Plain and Simple

I’m a simple guy who likes plain talk and simple solutions.  I know that life in general and married life specifically, can get complicated. For married couples these complications or points of contention usually include some combination of financial struggles, children and their impact, substance abuse, infidelity, or just learning to live everyday with someone you thought was perfect (or nearly so) but have since found out is not.  Over the past few months Cindy and I have listened to a number of excellent sermons and attended a Christian marriage seminar, all targeted at helping husbands and wives reorder their lives and modify behavior in order manage all the issues.  I too have written hundreds of words and quoted scores of bible verses toward that same end, but honestly sometimes I think the solutions can become as complicated as the problems themselves.  So, if you will bear with me, I’m going to attempt to simplify and amplify what has been previously said and taught on the subject marriage and what steps we should take so that we “would love life and see good days.” (1Peter 3:10, Psalm 34:12)

We will address two short bible verses, one from the Old and one from the New Testament, they are:

“Therefore stand in awe of God.”  Ecclesiastes 5:7

“Submit yourselves, then to God” James 4:7

 A Christian, just like God’s chosen people of the Old Testament, is expected to live their life in awe of God.  As Solomon puts it in Ecclesiastes, it is how we are to stand before God today; because we can be assured that we will stand before Him in the future and be judged.  What is awe?  It is an attitude of respect brought about by a combination reverence, fear, and wonder, a response to who God is and what He does.  Now, you may have had what you might call an incomparable life experience, such as standing before the minister when you were married, looking at some marvel of nature or even watching the miracle of birth.  Yet, none of these can even remotely compare to standing alone before the creator of the universe.  “But I don’t feel that way, so what am I supposed to do, fake it?”  A reasonable and honest question for sure.  Solomon answers it by saying that it is by what we do and for what purpose.  If what we do is consistent with God’s teaching, as recorded for us in the bible, for the purpose of honoring Him, then our actions are acceptable and give Him the glory that He expects and is due, if not our actions are, “meaningless, a chasing after the wind.”  (Ecclesiastes 4:16)

Solomon provides us Godly advice and wisdom in verse one of chapter five telling us how we are to approach God. The first is, “Guard your steps when you go to the house of God.” For the Jews of the Old Testament this was how they were to approach the temple, where sacrifice would be made on their behalf by the temple priest.  For us, there is no mediator required because Christ made the ultimate sacrifice for our sin on the cross.  The presence of God is no longer found in the temple or tabernacle but lives in the hearts of all who have accepted Jesus as their Lord and Savior.  When we, as Christians, approach the “house of God” it is in the quiet of our hearts, as we pray, praise and worship Him either collectively with other believers or simply by ourselves.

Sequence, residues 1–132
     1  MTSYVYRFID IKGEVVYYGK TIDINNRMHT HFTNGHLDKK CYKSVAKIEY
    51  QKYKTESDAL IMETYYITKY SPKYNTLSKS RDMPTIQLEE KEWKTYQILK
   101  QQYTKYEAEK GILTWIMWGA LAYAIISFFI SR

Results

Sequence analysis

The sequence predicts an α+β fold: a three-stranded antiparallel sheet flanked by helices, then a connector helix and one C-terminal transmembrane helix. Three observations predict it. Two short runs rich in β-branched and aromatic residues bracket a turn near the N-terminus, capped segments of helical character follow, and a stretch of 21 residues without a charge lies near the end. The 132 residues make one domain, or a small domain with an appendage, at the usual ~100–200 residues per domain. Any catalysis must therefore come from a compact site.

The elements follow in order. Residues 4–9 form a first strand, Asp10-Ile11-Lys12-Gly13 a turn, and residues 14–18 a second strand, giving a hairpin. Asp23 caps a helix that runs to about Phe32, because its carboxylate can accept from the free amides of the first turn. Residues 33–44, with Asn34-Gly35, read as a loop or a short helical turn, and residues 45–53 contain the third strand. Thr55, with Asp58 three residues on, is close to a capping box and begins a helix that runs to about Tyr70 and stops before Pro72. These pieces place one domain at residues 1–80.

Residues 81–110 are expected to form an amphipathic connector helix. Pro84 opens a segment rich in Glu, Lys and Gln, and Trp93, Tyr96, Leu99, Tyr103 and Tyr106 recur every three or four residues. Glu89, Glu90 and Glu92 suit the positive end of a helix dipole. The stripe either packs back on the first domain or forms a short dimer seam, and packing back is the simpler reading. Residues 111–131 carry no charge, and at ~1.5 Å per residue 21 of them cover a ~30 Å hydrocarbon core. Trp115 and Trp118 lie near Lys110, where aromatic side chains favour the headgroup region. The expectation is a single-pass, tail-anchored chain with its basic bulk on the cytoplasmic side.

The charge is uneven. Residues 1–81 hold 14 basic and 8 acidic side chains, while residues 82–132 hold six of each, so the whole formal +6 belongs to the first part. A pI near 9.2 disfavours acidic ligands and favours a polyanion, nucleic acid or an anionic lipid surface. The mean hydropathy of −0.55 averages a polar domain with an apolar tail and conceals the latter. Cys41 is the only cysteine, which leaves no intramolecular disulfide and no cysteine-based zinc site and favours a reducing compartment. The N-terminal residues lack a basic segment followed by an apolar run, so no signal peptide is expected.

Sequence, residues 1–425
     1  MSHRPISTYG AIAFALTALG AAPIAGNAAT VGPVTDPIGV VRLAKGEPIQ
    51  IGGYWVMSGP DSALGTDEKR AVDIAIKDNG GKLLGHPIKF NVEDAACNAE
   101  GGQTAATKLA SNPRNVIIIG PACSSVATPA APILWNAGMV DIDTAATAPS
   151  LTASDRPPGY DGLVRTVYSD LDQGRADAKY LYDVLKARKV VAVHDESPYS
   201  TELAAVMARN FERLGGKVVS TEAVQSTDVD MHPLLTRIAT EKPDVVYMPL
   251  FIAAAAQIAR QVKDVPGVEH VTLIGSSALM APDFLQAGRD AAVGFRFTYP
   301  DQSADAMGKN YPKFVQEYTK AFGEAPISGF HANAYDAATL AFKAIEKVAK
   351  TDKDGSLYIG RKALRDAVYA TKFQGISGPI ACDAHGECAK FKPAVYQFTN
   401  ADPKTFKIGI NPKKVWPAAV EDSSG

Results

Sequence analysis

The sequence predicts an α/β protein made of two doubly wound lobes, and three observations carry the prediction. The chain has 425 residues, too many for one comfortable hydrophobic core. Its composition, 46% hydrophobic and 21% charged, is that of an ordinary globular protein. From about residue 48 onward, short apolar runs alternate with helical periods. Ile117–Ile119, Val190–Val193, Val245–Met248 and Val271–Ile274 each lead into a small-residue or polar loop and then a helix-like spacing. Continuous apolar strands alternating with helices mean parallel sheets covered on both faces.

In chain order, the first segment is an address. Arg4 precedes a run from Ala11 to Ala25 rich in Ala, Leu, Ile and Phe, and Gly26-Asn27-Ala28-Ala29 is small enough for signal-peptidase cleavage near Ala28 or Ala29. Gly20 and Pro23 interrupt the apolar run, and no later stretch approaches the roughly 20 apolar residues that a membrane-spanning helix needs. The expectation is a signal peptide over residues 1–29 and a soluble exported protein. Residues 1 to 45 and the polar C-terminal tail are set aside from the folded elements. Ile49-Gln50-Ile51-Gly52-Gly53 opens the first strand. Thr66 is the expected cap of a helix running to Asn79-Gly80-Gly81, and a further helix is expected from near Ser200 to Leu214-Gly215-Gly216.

We “guard our steps” by going “near to listen” to his instruction, by hearing the Word preached in church and by devoting time daily to reading the bible while asking the Holy Spirit to convict us of its truth and effectiveness.  Solomon also warns us not “to offer the sacrifice of fools.” A fool comes before God thinking that he can hide the sin that holds him captive and instead of seeking forgiveness and reconciliations through Christ; continues in his foolish deception thinking that he has done nothing wrong. (5:1) Do you go near to listen?  Do you confess your sin and ask God for forgiveness?

Solomon goes on to teach about vows made before God.  What exactly is a vow?  A vow is a solemn promise made to or before God.  The term is most often used to describe a promise of fidelity and love, and is why the term is applied to our commitment to each other in marriage.  Regarding your vow, Solomon warns, “Do not be quick with your mouth, do not be hasty with your heart to utter anything before God.” In other words if you are going to make a vow before God, carefully consider what is in your heart and how that translates into words.  Marriage is a commitment made not only with your spouse but also includes Almighty God who binds you together permanently in this life.  Solomon puts a sharp point on it saying, “When you make a vow to God, do not delay in fulfilling it; He has no pleasure in fools.  It is better not to vow than to make a vow and not fulfill it.  Do not let your mouth lead you into sin (5:4-6).”  The wisdom of God spoke through Solomon not only applies to the initial act of making a vow but equally important is continuing to be vigilant in keeping it and not allowing hasty words and a heart darkened by sin make you into a fool.

A final warning is issued by Solomon to those who want to go back on their solemn pledge of fidelity and love. It will profit you nothing by protesting before God, “My vow was a mistake.”  This invites anger from the Lord, instead of blessing and your protests will be meaningless as you stand before the awesome God, creator of heaven and earth.

Tool #259  Your marriage vow is unlike any promise you will ever make.  Once made you not only are accountable to your husband or wife but to God who made you one flesh.

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